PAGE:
Advocacy and Influencing Impact Reporting Tool Yemen

This tool has been developed to gather further information and evidence on CARE’s advocacy or influencing win. At CARE, advocacy is defined as “the deliberate process of influencing those who make decisions about developing, changing and implementing policies to reduce poverty and achieve social justice.1” Influencing and advocacy can go beyond government policies, it can include influencing governments, donors or NGOs to adopt a CARE program model or influencing the private sector to change their company policies or operating practices.
This tool captures the significance of the win, the level of CARE and our partner’s contribution, who stands to benefit from the change, and what evidence do we have to support a claim of change or impact. With the wide range of successes within influencing work and the various roles CARE may have played in this win, this tool allows us to identify how significant the win is as well as the significance of CARE’s contribution and our partners. Read More...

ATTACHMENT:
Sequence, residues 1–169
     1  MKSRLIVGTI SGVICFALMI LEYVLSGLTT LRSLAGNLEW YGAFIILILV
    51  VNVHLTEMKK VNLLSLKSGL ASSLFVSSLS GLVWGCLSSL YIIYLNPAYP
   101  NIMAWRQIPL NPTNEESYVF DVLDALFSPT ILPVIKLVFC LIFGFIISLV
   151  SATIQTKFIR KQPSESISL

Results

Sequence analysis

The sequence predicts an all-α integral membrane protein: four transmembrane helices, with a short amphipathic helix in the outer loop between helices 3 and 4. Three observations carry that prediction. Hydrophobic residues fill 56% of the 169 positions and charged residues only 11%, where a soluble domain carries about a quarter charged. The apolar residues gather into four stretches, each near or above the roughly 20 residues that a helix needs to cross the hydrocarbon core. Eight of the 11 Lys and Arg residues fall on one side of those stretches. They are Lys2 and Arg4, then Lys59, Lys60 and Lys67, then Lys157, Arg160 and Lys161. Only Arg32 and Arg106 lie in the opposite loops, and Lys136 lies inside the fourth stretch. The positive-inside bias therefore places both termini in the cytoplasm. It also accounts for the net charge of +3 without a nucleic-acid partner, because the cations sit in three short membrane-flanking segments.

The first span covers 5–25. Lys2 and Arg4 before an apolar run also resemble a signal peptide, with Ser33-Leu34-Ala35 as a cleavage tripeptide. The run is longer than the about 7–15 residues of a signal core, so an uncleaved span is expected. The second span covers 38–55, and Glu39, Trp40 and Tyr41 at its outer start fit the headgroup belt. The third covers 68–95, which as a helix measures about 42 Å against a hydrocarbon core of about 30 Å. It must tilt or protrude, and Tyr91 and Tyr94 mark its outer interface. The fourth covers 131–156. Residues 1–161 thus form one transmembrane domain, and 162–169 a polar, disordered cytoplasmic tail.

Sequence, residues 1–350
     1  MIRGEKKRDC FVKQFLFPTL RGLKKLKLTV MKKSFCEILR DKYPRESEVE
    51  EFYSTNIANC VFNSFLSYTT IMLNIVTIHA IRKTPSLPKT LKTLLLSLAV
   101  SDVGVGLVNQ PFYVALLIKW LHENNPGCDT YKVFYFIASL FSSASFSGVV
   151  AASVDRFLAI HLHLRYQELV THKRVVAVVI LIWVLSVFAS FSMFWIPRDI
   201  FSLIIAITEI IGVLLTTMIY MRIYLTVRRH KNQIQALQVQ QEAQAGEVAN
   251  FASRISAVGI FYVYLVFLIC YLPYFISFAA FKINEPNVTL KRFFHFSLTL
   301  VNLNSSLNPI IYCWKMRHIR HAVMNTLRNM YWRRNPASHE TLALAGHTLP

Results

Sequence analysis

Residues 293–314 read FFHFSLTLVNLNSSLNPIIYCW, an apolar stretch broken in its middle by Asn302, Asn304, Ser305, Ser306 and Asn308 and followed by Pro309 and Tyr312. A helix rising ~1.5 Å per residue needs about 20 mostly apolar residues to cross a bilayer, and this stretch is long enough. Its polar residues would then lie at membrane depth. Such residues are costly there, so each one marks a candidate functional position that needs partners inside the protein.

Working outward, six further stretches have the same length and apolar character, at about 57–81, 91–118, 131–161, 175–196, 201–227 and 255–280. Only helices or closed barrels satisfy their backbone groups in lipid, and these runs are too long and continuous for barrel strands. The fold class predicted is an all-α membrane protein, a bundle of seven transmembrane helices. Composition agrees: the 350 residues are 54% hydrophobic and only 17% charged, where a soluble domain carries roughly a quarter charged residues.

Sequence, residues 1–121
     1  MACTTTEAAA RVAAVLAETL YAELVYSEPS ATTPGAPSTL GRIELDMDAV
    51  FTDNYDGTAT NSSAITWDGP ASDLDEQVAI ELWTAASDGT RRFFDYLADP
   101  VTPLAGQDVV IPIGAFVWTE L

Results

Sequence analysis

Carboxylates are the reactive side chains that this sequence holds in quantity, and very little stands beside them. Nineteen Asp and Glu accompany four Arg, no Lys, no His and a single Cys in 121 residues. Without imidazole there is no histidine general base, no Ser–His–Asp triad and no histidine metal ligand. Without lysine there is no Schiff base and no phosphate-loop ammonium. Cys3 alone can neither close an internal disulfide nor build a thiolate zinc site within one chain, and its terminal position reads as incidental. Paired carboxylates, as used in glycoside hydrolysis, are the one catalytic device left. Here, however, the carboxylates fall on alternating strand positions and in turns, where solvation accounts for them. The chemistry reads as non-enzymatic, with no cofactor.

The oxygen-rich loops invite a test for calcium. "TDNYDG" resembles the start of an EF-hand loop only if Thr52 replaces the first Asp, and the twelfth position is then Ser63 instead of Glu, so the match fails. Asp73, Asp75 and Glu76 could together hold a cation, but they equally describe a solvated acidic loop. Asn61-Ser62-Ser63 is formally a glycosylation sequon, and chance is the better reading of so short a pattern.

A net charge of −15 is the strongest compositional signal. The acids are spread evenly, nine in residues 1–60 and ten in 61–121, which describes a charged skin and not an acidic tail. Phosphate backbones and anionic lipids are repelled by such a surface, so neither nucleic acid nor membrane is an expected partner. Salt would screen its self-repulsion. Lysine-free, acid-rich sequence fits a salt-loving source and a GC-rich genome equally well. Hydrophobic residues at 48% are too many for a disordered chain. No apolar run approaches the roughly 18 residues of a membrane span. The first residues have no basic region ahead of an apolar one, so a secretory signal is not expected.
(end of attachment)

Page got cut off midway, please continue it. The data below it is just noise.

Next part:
DEC Supported Emergency Response Project in Amran and Abyan Governorates, Yemen

Under the Yemen Crisis Appeal and with the support from Disasters Emergency Committee, CARE Yemen has been implementing two emergency response projects in Abyan and Amran Governorates of Yemen with the aim of responding to the WASH, food insecurity and Cholera/Acute Watery Diarrhea (AWD) Crisis. This report provides the findings of the evaluation of the two phases of the DEC funded emergency response projects in Sawyer districts of Amran Governorate, Yemen.